“This is sort of an emergency, you would agree, right? We are driving the mother-in-law to the ER, she is not feeling well, she can barely breathe – Mind you, we don’t know what’s wrong. She is sitting in the back seat, literally semi-unconscious. And she (read wife) insists on driving. I am telling her, she is in the right frame of mind to drive. It’s like driving herSELF to the ER. But she doesn’t listen. Then, we take a red turn where there is a NO TURN ON RED sign. I ignore it. I know she is stressed out. I don’t say anything as she is speeding off at 75 mph on a 55 road. But then, what broke the camel’s back – She takes a left turn on a red light through two lanes of traffic. And I lose it. I offered to drive. I offered to call an ambulance. I even said we could just get a cab – but then we don’t have a way to drive back home. And then, instead of being supportive, calm and collected, I am freaking out and yelling at my wife until she drives herself and her mom to the ER, and I drive the car into the parking garage.”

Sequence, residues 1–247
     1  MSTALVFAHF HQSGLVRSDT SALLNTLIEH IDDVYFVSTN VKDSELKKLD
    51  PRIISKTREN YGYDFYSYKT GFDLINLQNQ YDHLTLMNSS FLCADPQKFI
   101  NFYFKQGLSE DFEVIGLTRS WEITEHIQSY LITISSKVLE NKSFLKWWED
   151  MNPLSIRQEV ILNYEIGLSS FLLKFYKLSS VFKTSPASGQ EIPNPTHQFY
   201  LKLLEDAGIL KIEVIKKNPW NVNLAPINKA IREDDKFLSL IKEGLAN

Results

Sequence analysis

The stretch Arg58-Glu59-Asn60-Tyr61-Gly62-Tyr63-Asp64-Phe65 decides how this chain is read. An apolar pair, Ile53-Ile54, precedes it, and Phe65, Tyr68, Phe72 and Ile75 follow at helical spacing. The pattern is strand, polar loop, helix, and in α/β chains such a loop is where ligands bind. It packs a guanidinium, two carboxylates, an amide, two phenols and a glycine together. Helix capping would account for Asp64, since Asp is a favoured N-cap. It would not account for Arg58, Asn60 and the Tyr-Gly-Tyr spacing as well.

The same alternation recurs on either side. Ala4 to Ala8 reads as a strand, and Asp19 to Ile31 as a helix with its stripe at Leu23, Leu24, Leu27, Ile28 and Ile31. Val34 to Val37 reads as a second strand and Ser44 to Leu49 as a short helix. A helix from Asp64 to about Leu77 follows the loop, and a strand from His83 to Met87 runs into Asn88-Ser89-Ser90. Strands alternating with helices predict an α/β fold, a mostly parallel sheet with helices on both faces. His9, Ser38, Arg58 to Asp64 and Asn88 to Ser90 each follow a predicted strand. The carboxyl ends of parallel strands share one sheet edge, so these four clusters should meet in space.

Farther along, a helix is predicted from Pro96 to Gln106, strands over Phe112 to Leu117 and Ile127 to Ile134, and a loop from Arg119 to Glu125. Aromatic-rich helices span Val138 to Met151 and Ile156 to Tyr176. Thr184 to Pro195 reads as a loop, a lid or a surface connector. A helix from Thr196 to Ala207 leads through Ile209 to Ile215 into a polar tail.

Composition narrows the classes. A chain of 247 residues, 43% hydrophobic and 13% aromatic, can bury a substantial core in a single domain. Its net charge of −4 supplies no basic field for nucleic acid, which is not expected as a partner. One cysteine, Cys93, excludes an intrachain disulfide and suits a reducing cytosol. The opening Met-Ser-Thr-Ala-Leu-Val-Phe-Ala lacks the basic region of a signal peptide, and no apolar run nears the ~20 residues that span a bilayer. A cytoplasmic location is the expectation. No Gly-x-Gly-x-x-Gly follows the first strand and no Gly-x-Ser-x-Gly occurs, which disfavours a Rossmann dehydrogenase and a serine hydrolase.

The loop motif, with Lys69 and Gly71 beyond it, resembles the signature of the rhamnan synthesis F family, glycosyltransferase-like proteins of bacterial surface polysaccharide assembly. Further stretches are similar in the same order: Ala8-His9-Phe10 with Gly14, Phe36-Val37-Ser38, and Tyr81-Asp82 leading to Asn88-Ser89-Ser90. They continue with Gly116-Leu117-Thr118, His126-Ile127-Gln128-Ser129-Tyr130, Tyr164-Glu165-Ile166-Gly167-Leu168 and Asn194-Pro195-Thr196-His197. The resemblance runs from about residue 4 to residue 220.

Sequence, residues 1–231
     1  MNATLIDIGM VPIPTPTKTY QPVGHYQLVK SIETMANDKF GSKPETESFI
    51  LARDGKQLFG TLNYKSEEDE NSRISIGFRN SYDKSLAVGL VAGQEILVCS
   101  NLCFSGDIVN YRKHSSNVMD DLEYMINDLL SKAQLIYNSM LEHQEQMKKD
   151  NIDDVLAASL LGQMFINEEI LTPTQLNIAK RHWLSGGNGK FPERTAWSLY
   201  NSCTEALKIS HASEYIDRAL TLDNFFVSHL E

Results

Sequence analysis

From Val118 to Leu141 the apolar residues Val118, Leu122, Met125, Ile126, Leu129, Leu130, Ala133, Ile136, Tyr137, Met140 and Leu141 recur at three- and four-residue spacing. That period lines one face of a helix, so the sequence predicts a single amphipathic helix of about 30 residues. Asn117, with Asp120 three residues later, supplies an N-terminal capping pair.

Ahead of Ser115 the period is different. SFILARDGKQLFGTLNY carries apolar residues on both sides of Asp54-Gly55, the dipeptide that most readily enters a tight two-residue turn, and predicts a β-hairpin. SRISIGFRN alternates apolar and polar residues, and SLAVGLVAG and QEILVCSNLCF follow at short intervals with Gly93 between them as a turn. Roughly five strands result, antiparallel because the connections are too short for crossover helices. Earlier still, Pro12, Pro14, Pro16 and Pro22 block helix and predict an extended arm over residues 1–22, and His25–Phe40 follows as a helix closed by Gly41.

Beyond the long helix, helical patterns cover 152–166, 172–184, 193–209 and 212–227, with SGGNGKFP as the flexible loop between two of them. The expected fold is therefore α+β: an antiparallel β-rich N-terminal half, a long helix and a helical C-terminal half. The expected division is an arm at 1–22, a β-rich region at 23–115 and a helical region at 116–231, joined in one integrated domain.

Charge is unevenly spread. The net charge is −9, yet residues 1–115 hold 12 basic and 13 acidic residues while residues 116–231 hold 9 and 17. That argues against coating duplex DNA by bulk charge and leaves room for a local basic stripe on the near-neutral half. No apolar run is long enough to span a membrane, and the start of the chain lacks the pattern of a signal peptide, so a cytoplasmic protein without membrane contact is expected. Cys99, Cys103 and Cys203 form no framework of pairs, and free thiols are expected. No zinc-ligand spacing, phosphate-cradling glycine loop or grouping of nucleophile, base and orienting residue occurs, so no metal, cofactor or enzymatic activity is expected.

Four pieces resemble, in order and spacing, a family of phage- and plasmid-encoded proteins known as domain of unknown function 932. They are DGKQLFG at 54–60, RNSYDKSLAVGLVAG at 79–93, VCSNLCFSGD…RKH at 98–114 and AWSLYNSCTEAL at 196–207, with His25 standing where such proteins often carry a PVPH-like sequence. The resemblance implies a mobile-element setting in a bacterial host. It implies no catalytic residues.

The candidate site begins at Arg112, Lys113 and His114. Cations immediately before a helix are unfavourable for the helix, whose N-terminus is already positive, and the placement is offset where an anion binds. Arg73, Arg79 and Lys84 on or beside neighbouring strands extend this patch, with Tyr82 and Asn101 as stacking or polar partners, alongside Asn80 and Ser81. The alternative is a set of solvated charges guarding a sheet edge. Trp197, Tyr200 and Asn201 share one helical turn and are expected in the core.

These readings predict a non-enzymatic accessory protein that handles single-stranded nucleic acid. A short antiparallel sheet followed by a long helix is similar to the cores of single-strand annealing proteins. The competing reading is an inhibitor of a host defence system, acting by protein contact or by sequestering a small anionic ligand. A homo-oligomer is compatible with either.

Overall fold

With the last occurrence, before they are even done telling me what happened, I literally laugh out loud. (And of course, I let them finish.)
And, so as not to make things awkward, I tell them why.
They laugh with me.
There must have been something in the water.
What are the chances? Right???
So, we talked through it.
We looked at what was driving them 🙂 into this. And, we did a feedback wheel, like I always do in a situation like this, remembering to focus in on two things:
They did well.
There is always a solution.
You just have to be open to it and listen. And start the process by speaking up.
So for the record: NO, there is no hidden camera in my office.
It’s just life’s way of being funny sometimes.
I don’t know why, but this has been coming up over and over again lately.
To a point where I almost finish the sentence FOR them.
Seriously – have you ever had that happen?
Like, in the summer, when kids start whining, and you hear that dreaded noise that starts with “MOOOOM…”
And you know exactly what’s coming.
Kind of like that.
Only the phrase has to do with relationships – obviously.